In the U.S., most yogurt is eaten sweet, with fruit, honey or jam, either mixed in by the producer or in home kitchens. That’s not so much the case in other parts of the world, where you find yogurt in a wide array of savory dishes.
Here in Sonoma County, we have excellent yogurts made from local milk, which is known as some of the best and cleanest milk in the country. Winter, especially a stormy winter like this one has been, is a great time to spend leisurely hours cooking and one way to do that is to explore recipes from India and the Middle East that call for significant amounts of yogurt.
The techniques are not difficult and the results are always delicious. The most difficult part — and it’s not difficult at all — is to make sure your pantry is stocked with the necessary spices, including ground turmeric, ground cumin, and ground cayenne, and a good curry powder. (You can, of course, make your own curry powder but that is a topic for another time.)
Some of the best yogurt dishes barely need a recipe. To make yogurt cheese, for example, all you need to do is line a strainer with a few layers of cheese cloth and set it over a deep bowl. Stir a bit of salt (a teaspoon for every 2 cups) into the yogurt, pour it into the strainer, and let it drain until it reaches a consistency of cream cheese. The whey that has drained off can be used to make sauerkraut.
You can also substitute yogurt for sour cream in many recipes, such as sour cream coffee cake, which is good to know when you find yourself with the former but not the latter.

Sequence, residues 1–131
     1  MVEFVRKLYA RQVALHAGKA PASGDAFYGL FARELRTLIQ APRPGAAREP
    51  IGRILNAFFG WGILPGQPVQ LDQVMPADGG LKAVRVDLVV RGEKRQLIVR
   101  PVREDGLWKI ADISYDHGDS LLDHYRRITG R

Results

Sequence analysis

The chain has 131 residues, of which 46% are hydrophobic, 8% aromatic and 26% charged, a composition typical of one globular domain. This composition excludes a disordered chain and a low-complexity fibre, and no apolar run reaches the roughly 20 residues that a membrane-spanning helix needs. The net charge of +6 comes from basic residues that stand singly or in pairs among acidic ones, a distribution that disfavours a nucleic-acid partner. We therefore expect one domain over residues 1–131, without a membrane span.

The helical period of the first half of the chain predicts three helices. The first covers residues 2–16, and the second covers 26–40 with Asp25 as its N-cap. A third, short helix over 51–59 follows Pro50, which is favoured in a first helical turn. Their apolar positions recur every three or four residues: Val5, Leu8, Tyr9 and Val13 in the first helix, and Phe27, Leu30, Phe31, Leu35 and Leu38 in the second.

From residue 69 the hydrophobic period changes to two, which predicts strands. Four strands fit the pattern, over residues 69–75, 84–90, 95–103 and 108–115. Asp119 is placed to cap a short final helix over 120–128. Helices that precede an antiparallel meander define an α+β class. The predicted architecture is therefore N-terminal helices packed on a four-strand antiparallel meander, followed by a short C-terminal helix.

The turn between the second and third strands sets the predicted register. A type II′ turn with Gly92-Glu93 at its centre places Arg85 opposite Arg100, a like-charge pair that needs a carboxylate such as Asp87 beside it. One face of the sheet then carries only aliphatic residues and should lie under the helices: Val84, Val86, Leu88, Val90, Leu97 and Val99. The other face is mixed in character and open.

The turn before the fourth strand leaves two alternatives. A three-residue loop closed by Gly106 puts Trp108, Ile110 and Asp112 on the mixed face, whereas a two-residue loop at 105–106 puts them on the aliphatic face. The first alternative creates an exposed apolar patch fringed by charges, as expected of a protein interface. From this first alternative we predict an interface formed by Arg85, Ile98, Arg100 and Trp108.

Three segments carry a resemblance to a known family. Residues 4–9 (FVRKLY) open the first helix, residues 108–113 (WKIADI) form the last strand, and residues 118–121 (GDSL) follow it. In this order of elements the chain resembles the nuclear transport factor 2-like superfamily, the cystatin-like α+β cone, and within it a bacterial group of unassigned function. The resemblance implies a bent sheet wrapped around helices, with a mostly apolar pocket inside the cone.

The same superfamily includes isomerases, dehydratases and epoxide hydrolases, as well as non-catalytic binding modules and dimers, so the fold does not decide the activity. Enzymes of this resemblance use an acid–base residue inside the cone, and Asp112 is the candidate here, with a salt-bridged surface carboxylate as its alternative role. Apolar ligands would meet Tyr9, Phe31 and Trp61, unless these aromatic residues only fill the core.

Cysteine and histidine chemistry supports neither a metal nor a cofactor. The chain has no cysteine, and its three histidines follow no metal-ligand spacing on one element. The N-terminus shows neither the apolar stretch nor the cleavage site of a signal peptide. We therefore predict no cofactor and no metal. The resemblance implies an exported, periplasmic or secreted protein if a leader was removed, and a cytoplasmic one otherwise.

When you buy yogurt, be sure to read the ingredient list. The best yogurt contains only milk, live yogurt cultures, and, sometimes, cream. Whole milk yogurt is your best option, as it contains the most nutrients; it also functions properly in recipes. You can make your own Greek-style yogurt by using the same technique as you use for making yogurt cheese; simply stop draining when the yogurt has reached the consistency you prefer. Some commercial Greek-style yogurts lack the bright acidity that makes yogurt so wonderful.
For links to savory yogurt recipes from the Seasonal Pantry archives, visit “Eat This Now” at pantry.blogs.pressdemocrat.com.
For the best flavor, use local chicken with its bone and skin intact. The chicken needs to be marinated overnight or at least 8 hours.
Chicken with Yogurt and Curry Spices
Serves 4 to 8
8 chicken thighs (bone in, skin on)
— Kosher salt
— Black pepper in a mill
2 cups plain whole milk yogurt
2 tablespoons grated fresh ginger
2 teaspoons ground turmeric
1/2-1 teaspoon ground cayenne, to taste
3 tablespoons clarified butter (ghee), peanut oil or mild olive oil
1 onion, cut into small dice
4 garlic cloves, minced
2 serrano chilies, roasted, peeled, and minced
1 tablespoon hot curry powder
1 teaspoon ground cumin
2 cups chicken stock
31/2 cups steamed Jasmine or Basmati rice (from 1 cup raw)
1/2 cup fresh chopped cilantro leaves
— Commercial or homemade chutney
— Toasted peanuts, optional
— Toasted coconut, optional
— Raisins, optional
Set the chicken on a clean work surface and season it all over with salt and pepper.
Put half the yogurt into a wide bowl, add half the ginger, half the turmeric, and the cayenne and mix well. Put the chicken into the yogurt and turn each thigh to coat it thoroughly. Cover and refrigerate for at least 8 hours and as long as overnight.